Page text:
Africa and the waves of summits
In the last one and a half decades or so, Africa has been unprecedentedly inundated with a horde of international summits sponsored by the great powers, medium powers and a handful of newly industrialising countries which, if not because of mismanagement and poor governance, some African states ought to have been on the same heap of development with if not better. The hosting of these summits and the like forums is not only frequent, but is also raging just like the whirlwind of the Europeans scramble for Africa which found unholy resolution in the Berlin conference of 1884-1885 during which Africa’s head was proverbially shaved in its absence. Prominent on the menu of summits and forums being consistently served and also in series, to the highly vulnerable continent include: Africa-EU Summit, Italy-Africa Conference, German-Africa Business Summit, African-Canadian Business Summit, Brazil-Africa Business Forum, Africa-Turkey Summit, India- Africa Forum Summit, Africa-France Summit, UK Africa Investment Summit, Russia-Africa Summit, Forum on China-Africa Cooperation, US –Africa Leaders’ Summit and The Tokyo International Conference on Africa among others.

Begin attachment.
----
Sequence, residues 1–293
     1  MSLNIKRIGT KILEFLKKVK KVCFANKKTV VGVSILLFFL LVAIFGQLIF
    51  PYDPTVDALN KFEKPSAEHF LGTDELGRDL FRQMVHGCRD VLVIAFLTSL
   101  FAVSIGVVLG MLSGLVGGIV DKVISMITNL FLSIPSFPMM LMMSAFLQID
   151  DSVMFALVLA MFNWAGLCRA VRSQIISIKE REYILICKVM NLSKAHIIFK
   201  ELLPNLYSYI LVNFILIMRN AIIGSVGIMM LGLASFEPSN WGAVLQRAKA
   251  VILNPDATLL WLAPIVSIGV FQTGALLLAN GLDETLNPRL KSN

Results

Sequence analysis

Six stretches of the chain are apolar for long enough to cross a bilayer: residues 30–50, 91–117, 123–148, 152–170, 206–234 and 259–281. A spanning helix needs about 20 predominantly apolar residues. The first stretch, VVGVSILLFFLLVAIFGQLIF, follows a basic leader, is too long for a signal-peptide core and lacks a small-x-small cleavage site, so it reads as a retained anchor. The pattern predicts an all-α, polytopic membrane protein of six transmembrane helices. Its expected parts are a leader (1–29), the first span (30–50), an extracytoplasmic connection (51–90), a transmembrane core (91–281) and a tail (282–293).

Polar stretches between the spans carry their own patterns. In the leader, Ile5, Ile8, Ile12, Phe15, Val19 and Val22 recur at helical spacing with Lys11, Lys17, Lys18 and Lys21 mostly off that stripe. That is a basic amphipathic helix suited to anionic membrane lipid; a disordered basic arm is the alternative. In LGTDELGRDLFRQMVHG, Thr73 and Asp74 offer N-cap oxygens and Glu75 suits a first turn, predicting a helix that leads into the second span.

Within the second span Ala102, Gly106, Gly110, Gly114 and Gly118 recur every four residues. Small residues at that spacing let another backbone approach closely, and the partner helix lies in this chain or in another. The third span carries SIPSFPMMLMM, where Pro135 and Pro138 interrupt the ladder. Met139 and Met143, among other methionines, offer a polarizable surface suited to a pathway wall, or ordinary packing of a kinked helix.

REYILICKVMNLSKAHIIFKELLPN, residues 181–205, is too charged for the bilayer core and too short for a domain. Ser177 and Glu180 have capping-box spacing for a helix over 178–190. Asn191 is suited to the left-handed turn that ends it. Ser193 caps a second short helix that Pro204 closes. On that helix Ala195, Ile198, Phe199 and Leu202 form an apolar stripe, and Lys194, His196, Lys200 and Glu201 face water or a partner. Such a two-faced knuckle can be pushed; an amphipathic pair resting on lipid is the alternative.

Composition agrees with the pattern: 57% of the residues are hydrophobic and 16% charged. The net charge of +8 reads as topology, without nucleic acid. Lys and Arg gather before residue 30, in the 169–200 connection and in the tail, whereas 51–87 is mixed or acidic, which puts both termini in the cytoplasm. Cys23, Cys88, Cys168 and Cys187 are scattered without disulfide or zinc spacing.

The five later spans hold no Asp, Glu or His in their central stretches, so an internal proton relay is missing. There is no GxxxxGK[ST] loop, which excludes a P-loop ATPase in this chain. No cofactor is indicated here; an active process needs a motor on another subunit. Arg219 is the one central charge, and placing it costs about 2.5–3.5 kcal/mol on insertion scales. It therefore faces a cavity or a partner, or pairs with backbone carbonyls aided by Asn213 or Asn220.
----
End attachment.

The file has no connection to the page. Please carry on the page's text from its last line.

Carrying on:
Most times, the conveners of these summits as in the case of the Third Turkey-Africa Summit, anchor their desirability on the need “to enhance partnership for common development and prosperity.” They also justify them in the context of “Africa Union’s Constitute Act which mandates the AU to encourage international cooperation and in the Agenda 2063: Aspiration 7 which envisions Africa as a strong, united, resilient and influential global players and partners”. Attaining this it is believed, will entail “improving Africa’s partnerships”. However, the view is growing among some African scholars and analysts that, Africa should be shunning the slew of invitations to these summits for the following reasons: it is in the first placed argued that, the way and manner African leaders are being summoned for the summits particularly by the great powers, suggests subservience or a look down on Africa. It is also seen as a benign and subtle way of perpetuating the long standing exploitation of the continent. An old wine in a new bottle it is said! In other words, it is perceived as colonialism repackaged. Before we interrogate these points further, it is apposite to raise and answer the question: what attractions are there in Africa that have spurred this unceasing swarm on the continent which began centuries ago?